The best, safest, non-modern (and limited to two wheels) braking system is to have the brake pedal on after-market outside brake bands, and the brake handle operating on inside shoes. RMs are okay in spite of the problem with holding in reverse provided the driver is aware of and used to this potential problem, and knows how to handle it using the emergency brake. Small drum lined shoes are adequate (barely) for the emergency brake as long as they are properly maintained and adjusted. Small drum outside bands (such as AC) are also adequate for the service brake as long as they are properly maintained. The big problem with small drum outside bands or inside shoes is that the small surface area wears faster than the large drum varieties. This requires more frequent adjustment and occasional replacement.
Both my coupe and boat-tail have large drum service brakes (the coupe has RMs). The coupe has large drum inside emergency brakes, the boat-tail has small drum lined cast iron shoes for the emergency brake. I feel very secure with both of them with their independent systems.
The original Bennett Brake pedal on the boat-tail operates the outside rear brakes only. That original pedal was made so that it cannot operate the planetary band. That would seem to be the way they wanted it also.
The second cross shaft is easy to make. I made the one for my boat-tail. Someone else made the one for my coupe long before I got it.
Drive carefully, and enjoy, W2
The idea that you can have the transmission brake and the RM's adjusted so the Rm's work first and then the transmission comes on when you press harder is just plain stupid. Yes it works at first but for how long?
If you look at the actual mechanical advantages both systems use to apply their brakes you will find one need more pressure and travels less than the other the opposite and after a few applications you have no way of knowing which is doing most or all of the work, as Wayne pointed out.
My Kamper has a Moore box (so a proper neutral exists)and RM's and has separate lined hand brake, and original transmission brake 20,000 miles and no adjustment to any of them. A bit unoriginal as the brake pedal is split in two so the Rm's and the transmission brake can be applied separately but its so good to know that you have good brakes forward, good brakes backwards good brakes in the wet and a park brake that can allow parking on any hill.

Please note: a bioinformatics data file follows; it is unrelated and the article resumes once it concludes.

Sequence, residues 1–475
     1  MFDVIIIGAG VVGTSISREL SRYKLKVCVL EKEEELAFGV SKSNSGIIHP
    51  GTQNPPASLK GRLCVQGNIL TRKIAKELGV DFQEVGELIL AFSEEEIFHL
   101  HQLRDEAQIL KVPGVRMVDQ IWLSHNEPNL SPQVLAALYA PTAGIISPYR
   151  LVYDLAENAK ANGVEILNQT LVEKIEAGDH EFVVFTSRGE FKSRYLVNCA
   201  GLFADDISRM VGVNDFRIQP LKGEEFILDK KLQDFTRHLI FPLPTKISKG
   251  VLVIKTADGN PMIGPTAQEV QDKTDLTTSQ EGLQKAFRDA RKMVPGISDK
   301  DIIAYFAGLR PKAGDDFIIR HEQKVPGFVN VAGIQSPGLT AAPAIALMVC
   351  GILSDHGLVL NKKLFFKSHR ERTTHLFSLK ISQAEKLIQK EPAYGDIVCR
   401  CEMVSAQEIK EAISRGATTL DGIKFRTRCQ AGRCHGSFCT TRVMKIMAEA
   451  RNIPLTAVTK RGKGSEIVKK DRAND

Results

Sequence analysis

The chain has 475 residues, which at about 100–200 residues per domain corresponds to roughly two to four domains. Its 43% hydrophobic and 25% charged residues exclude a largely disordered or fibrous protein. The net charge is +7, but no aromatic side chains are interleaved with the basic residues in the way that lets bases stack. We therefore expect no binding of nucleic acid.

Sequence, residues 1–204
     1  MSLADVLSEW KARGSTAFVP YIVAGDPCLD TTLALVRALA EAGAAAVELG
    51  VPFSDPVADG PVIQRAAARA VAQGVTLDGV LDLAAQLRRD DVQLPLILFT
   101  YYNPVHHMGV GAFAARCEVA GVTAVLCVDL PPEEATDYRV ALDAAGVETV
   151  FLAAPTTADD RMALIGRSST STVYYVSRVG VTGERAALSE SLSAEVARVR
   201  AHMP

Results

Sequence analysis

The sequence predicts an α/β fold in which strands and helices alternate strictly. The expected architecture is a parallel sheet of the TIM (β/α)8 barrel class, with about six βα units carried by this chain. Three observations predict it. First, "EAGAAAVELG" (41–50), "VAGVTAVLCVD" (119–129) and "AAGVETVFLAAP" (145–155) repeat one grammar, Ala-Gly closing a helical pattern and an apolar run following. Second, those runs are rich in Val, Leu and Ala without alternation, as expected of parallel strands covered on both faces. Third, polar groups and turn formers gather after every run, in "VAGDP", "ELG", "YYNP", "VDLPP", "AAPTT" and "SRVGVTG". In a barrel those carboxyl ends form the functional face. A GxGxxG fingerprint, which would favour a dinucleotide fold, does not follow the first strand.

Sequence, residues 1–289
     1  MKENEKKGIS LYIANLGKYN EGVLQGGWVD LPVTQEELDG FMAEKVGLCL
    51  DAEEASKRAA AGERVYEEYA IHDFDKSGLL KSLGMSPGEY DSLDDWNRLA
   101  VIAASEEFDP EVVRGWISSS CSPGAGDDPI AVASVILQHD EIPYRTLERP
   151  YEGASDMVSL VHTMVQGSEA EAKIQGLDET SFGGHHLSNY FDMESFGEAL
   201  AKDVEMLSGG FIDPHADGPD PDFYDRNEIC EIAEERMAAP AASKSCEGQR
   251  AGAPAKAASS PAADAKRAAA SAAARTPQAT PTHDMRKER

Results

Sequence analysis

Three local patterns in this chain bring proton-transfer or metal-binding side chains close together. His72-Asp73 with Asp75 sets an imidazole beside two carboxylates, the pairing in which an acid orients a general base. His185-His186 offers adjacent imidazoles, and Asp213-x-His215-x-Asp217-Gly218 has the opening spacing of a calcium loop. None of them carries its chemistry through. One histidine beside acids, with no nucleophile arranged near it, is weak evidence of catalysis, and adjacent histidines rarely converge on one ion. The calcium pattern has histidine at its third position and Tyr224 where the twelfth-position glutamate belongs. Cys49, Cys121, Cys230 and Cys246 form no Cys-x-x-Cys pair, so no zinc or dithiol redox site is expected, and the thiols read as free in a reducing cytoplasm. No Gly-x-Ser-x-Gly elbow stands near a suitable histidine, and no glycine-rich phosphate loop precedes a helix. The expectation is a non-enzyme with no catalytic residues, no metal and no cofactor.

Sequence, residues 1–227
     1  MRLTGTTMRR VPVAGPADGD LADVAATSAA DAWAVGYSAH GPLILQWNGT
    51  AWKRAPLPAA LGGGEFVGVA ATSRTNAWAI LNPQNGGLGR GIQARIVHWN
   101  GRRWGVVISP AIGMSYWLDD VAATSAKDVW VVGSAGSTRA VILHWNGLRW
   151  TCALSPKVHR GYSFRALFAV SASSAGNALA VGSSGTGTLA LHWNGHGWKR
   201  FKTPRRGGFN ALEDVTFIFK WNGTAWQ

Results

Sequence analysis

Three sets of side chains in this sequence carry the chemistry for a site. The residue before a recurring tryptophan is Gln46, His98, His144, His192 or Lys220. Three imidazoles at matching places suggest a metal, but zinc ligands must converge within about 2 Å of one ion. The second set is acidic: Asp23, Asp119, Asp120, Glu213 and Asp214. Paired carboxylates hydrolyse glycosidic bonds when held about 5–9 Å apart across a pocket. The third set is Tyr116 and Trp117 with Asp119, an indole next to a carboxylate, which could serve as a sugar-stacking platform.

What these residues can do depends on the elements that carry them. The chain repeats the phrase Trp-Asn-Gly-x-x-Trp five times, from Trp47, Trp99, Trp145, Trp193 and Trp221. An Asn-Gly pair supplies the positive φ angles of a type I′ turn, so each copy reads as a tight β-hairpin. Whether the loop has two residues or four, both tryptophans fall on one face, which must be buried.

Having the two foot brakes separate makes it really obvious that trying to join them together is a bad idea as you can drive the car and compare the two against each other, a few minutes doing stops with both quickly shows just how different they are in effort needed to stop the car.
To get rid of the problem Mark mentioned (having RM's and parking brake work together) if you use a slotted end on the hand brake lever and adjust it so it pulls on the brake shoes in the rear just after neutral is selected the RM's can operate by themselves and the parking brake and RM"s will both work when parking.
Thank you Peter K! I have seen photos of your split brake. It is quite interesting, and I think a good idea.
Drive carefully, and enjoy, W2
Peter, Can you post a link to your split pedal or some info about it. It sounds interesting to me. On my 22 touring I installed an original set of AC brakes, using their stock cable equalizer. I made a "fourth pedal" and bracket that attaches to the hogs head to activate the ACs. It just added another pedal beside the stock brake pedal. That way I have a factory parking brake, a factory transmission brake, and a separate AC brake system. It also gives something to talk about as to "why" I have four pedals.
The Kamper is RHD, so the trans brake pedal moves right when applied. I made a longer pedal shaft out of an old axle bushed the Rocky Mountain pedal (the one with the spring attached on the left side) It just pivots on the shaft.
The Trans brake in on the right it is connected as per normal. This fix has not butchered the car except for modifying the two pedals so it can easily be returned to normal.
I can use either brake or both in an emergency. Being separate I can always tell how they are working. When driving across the USA most of the time I just used the RM brake. in the wet or backing up I used the transmission brake.
You can see I took the right and left side off the two pedals to make them closer and added an 1/8" plate top with ears to make the pedals easier to operate.
Very clever, Peter, well done!